Review: Caran d’Ache Geneve

Caran d'Ache Geneve uncapped on a mirror

I picked up the Caran d’Ache Geneve (hopefully I catch all of spell-checks attempts to turn it into Geneva, but it is Geneve, which is the French spelling of Geneva) over 10 years ago, in May 2004. It was the year I got the Caran d’Ache Ivanhoe, a considerably more expensive fountain pen. The Geneve was a great writer when I first got it and one of my better nibs at the time. The nib was smooth and not all that wide for a european medium, although not a thin as the Japanese medium nibs. The pen was’t perfect, but more on that later.
I ignored the Geneve for a few years before pulling it out again to give it a spin. Unfortunately it had all sorts of flow and skipping problems so, not knowing any better, I put it aside.
I decided to work through the unreviewed pens in my accumulation and it’s time for the Caran d’Ache Geneve so I pulled it from it’s case. There’s some corrosion or flaking on the cap threads and I figured some fell into the feed. The nib and section ended up being just friction fit so they were easy to pull. I dropped them into the ultrasonic cleaner and gave them a thorough cleaning while flushing the section and brushed the corrosion off the threads.
So now it’s time to review the pen.

Why I Got It

I like the design and the brown marble finish. The gold furniture doesn’t bother me so much because it matches the brown finish. At the time I got the pen I wasn’t paying any attention to the details such as the trim material. I purchased the pen from the now defunct Joon Stationery on a trip to NYC.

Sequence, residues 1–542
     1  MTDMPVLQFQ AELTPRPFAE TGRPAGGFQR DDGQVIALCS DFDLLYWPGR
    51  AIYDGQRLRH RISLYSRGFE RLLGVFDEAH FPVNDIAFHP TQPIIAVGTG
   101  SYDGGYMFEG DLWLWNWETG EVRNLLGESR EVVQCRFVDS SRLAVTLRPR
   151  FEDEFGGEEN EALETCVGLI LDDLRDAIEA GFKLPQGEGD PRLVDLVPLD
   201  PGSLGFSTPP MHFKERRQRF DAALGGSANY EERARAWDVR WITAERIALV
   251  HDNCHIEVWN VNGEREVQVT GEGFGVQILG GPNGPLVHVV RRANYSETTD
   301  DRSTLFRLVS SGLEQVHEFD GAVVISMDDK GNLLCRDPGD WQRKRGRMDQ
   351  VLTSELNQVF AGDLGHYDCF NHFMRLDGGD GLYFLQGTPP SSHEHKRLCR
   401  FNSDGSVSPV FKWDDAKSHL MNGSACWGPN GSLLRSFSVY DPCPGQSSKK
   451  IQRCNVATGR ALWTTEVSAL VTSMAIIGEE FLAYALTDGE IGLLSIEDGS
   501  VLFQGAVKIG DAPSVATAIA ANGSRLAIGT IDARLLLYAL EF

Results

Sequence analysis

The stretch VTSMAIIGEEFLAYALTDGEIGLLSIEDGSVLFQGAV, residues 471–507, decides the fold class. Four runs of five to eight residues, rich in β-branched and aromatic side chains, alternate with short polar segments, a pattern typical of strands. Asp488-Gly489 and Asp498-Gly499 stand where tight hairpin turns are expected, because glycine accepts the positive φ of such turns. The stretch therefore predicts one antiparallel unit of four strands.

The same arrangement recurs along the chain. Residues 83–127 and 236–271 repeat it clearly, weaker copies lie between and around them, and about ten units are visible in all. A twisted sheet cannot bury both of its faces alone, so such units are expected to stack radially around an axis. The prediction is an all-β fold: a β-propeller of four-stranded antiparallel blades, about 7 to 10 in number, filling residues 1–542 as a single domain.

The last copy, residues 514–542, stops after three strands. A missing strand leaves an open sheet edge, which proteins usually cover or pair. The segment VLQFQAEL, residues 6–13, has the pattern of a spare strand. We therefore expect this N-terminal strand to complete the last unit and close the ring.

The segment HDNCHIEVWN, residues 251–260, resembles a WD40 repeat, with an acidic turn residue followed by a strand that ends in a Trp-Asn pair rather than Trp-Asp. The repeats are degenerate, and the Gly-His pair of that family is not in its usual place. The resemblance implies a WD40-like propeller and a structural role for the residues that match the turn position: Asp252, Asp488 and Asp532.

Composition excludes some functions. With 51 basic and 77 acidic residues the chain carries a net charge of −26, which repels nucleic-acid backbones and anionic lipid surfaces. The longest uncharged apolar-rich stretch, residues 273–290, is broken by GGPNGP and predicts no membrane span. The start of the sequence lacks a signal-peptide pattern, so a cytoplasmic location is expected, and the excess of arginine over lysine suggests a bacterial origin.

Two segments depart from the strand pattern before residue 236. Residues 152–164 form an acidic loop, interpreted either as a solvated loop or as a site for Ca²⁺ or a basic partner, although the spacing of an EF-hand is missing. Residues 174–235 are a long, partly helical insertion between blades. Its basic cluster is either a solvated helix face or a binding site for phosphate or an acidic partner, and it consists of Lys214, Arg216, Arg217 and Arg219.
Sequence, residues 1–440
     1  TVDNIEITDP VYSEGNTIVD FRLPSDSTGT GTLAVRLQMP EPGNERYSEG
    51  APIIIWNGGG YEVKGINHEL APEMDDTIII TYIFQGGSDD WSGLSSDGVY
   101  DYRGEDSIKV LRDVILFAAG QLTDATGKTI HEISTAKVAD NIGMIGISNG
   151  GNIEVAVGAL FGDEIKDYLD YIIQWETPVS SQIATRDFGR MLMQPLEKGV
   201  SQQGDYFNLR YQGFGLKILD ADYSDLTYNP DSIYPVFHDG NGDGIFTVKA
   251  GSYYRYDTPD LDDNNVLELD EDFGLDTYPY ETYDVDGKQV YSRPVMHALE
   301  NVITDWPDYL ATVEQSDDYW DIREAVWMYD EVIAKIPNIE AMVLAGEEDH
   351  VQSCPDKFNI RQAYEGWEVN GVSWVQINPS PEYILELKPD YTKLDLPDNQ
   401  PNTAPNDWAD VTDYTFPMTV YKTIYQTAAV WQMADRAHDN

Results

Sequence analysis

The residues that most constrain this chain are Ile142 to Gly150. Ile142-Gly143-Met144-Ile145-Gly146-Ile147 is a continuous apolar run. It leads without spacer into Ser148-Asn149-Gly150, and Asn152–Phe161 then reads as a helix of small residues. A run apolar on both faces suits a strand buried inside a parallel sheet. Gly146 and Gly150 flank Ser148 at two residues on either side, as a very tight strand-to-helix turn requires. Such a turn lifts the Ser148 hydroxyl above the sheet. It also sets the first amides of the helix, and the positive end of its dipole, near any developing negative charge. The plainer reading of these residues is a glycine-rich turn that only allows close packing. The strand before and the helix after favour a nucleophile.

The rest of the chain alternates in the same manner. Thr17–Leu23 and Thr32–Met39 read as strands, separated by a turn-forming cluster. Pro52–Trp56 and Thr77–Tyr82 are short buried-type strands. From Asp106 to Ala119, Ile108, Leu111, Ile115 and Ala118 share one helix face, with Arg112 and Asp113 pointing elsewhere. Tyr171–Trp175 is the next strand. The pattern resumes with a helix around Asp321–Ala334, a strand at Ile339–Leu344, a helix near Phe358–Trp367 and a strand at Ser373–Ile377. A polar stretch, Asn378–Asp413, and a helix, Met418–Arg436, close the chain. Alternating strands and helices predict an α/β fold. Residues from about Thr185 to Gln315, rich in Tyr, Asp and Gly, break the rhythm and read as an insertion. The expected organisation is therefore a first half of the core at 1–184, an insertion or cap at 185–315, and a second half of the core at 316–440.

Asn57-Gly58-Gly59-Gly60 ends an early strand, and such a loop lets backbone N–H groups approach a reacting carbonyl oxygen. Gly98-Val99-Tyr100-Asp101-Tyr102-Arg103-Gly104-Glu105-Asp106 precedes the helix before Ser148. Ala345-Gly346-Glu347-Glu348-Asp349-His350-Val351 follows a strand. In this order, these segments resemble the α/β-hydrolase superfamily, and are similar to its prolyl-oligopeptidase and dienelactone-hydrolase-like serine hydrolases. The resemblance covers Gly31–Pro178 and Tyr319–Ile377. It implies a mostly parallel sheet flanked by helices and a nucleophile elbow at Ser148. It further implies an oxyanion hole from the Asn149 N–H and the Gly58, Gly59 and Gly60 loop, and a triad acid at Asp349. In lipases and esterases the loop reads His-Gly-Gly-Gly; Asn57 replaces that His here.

What I Got

Caran d'Ache Geneve uncapped on a pen stand

I don’t have any memory of the packaging. It did come with a converter and cost about $150 at the time. The pen takes international cartridges, including long cartridges, or bottled ink. The Geneve has a 18K gold medium nib that is gold in color. While the nib isn’t a complete nail there’s no flex and no real spring worth mentioning. The nib has the Caran d’Ache logo along with some other decorations.
The slanted cap jewel has the Caran d’Ache logo on it. The band around the barrel is engraved “Caran d’Ache SWISS GOLD PLATED ‘G’” and the Caran d’Ache logo is also engraved. Practically a novel for a pen band. It’s all a bit much for my tastes, but I tend to ignore it because I really like the brown marble finish.
The end of the barrel has a gold jewel that form a slight lip around the barrel. This lip is used to post the cap securely .

The Numbers

  • Length Capped: 5.4170″ (137.59 mm)
  • Length Uncapped: 4.8830″ (124.02 mm)
  • Length Posted: 6.2″ (158 mm)
  • Section Length: 0.6010″ (15.26 mm)
  • Section Diameter (near nib): 0.3555″ (9.02 mm)
  • Section Diameter (below threads): 0.4200″ (10.66 mm)
  • Section Diameter (mid-section): 0.3370″ (8.55 mm)
  • Cap Diameter: 0.5270″ (13.39 mm)
  • Barrel Diameter: 0.5280″ (13.06 mm) (Barrel tapers to 7.60 mm)
  • Weight: 1.1 oz. (30 g)
  • Weight (body only): 0.7 oz. (20 g)

Writing with the Pen